(b) As with significant regulations, after appropriate internal consultation and review, the M Bureau will submit significant guidance documents that are otherwise of importance to the Agency's interests to the Office of Information and Regulatory Affairs (OIRA) within OMB for review and designation.
(c) If OMB/OIRA determines a guidance document from a USAID B/IO not to be either significant or otherwise of importance to the Agency's interests within the meaning of § 212.31, the Bureau for Management may proceed with issuance. For each guidance document coordinated through the Office of the Administrator, the issuing B/IO should include a statement in the Action Memorandum to indicate that the OMB/OIRA has reviewed and cleared the guidance document in accordance with this process.
Definitions of “significant guidance document” and guidance documents that are “otherwise of importance to the Agency's interests.”
(a) The term “significant guidance document” means a guidance document USAID will disseminate to regulated entities or the general public and that might reasonably be anticipated:
(1) To lead to an annual effect on the U.S. economy of $100 million or more, or adversely affect in a material way the U.S. economy, a sector of the U.S. economy, productivity, competition, jobs, the environment, public health or safety, or State, local, or tribal governments or communities;Start Printed Page 253
(2) To create serious inconsistency or otherwise interfere with an action taken or planned by another Federal Department or Agency;
(3) To alter materially the budgetary impact of entitlements, grants, user fees, or loan programs or the rights and obligations of recipients thereof; or
(4) To raise novel legal or policy issues that arise out of legal mandates, the President's priorities, or the principles set forth in E.O. 12866, as further amended.
(b) The term “significant guidance document” does not include the categories of documents excluded by § 212.26 or any other category of guidance documents exempted in writing by OMB/OIRA.
(c) OMB/OIRA must review significant and economically significant guidance documents under E.O. 12866 before issuance, and they must demonstrate compliance with the applicable requirements for regulations or rules, including significant regulatory actions, set forth in E.O. 12866, E.O. 13563, E.O. 13609, E.O. 13771, and E.O. 13777.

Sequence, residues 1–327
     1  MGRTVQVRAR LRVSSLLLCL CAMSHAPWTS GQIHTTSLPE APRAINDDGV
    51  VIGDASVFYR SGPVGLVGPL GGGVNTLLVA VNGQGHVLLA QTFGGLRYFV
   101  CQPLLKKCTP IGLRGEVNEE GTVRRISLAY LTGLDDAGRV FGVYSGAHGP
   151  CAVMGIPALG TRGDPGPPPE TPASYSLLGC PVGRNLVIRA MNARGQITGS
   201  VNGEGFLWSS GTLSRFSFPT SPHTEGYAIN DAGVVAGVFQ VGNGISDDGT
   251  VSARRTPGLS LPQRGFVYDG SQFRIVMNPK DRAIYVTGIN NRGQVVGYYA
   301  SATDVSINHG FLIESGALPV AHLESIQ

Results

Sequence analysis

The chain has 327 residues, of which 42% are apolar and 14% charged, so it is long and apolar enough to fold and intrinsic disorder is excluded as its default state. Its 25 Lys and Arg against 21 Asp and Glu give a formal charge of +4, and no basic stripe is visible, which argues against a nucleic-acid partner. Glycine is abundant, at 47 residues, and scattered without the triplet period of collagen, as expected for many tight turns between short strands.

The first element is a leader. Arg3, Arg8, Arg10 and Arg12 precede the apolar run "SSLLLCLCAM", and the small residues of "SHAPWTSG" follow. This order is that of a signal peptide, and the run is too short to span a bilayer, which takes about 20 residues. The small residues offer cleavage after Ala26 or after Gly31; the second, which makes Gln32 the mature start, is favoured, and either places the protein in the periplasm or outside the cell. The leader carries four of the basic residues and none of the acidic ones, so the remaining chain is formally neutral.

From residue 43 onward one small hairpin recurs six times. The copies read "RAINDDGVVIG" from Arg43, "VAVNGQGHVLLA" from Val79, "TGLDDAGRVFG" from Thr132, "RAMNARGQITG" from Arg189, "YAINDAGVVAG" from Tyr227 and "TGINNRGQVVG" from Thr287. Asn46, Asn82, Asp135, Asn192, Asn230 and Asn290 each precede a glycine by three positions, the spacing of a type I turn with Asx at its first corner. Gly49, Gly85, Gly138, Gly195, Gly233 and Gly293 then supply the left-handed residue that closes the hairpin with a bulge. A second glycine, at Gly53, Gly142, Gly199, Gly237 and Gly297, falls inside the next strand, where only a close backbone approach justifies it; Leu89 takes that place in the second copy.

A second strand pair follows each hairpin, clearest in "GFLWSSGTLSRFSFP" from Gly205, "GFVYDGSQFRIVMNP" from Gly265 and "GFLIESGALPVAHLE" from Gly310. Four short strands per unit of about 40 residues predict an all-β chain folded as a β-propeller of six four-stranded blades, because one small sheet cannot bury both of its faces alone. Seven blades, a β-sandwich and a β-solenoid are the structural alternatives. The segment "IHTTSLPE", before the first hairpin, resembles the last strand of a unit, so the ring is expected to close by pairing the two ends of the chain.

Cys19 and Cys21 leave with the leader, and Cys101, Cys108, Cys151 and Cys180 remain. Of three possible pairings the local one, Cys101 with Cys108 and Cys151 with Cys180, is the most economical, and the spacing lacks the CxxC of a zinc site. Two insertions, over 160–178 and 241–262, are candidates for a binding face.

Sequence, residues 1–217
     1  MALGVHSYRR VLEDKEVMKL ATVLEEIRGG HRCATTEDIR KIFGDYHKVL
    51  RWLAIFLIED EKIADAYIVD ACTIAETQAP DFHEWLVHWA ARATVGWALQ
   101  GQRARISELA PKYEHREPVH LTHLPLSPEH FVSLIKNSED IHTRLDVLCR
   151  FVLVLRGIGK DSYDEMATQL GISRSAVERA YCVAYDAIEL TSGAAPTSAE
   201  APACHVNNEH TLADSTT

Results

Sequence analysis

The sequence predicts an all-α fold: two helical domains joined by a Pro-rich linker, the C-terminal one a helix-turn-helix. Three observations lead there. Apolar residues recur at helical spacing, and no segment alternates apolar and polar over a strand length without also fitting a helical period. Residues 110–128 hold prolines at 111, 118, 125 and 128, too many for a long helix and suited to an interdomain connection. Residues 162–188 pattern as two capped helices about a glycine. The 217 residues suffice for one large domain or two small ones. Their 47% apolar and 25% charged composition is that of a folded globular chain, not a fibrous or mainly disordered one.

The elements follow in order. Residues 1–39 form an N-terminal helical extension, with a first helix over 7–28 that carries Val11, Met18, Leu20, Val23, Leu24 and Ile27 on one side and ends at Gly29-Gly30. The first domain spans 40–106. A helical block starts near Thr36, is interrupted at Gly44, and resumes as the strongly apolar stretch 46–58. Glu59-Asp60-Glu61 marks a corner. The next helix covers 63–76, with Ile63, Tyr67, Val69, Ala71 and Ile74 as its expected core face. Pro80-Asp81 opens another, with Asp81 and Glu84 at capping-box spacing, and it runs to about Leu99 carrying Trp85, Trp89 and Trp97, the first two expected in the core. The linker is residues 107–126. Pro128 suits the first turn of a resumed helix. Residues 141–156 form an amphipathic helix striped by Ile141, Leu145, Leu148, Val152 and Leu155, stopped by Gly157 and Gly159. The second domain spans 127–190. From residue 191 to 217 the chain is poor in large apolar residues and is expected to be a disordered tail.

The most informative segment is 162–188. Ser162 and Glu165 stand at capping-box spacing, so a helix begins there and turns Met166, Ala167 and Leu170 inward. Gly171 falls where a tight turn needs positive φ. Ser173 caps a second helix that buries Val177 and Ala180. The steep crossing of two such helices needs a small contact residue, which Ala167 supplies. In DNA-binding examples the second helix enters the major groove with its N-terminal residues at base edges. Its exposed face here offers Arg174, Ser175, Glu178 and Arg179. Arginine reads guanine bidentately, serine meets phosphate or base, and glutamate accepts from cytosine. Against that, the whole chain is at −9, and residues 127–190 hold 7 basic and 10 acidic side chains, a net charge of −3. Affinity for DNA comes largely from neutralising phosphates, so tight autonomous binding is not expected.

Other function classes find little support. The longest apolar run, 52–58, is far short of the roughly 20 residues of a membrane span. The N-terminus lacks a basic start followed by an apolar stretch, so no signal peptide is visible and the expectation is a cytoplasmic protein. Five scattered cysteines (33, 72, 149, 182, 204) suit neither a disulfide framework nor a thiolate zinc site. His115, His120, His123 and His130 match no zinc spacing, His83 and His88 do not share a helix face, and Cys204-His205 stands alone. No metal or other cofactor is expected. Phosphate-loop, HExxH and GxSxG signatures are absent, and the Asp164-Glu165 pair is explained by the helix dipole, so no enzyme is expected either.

(d) Even if not “significant,” USAID will consider a guidance document of regulatory impact as “otherwise of importance to the Agency's interests” within the meaning of this paragraph if it might reasonably be anticipated:
(1) To relate to a major program, policy, or activity of the Agency or a high-profile issue that is pending for decision before the Agency;
(2) To involve one of the Administrator's top policy priorities;
(3) To garner significant press or Congressional attention; or
(4) To raise significant questions or concerns from constituencies of importance to the Agency, such as Committees of Congress, States or Indian tribes, the White House or other Departments and Agencies of the Executive Branch, courts, consumer or public-interest groups, or leading representatives of industry.
(e) As noted in paragraphs (a) through (d) of this section, “guidance documents” for the purposes of this rule, including this subpart, do not include those documents identified in this subpart O.
(a) The Bureau for Management may request a B/IO within USAID to prepare a designation request for certain guidance documents. Designation requests must include the following information:
(1) A summary of the guidance document; and
(2) The B/IO's recommended designation of “not significant,” “significant,” or “economically significant,” as well as a justification for that designation.
(b) Except as otherwise provided in paragraph (c) of this section, the Agency will seek significance determinations from OMB/OIRA for certain guidance documents, as appropriate, in the same manner as for rulemakings. Prior to publishing these guidance documents, after internal consultation and review, the Bureau for Management shall submit the document to OMB/OIRA for review under the provisions in Section 6 of E.O. 12866 to determine if it meets the definition of “significant” or “economically significant.”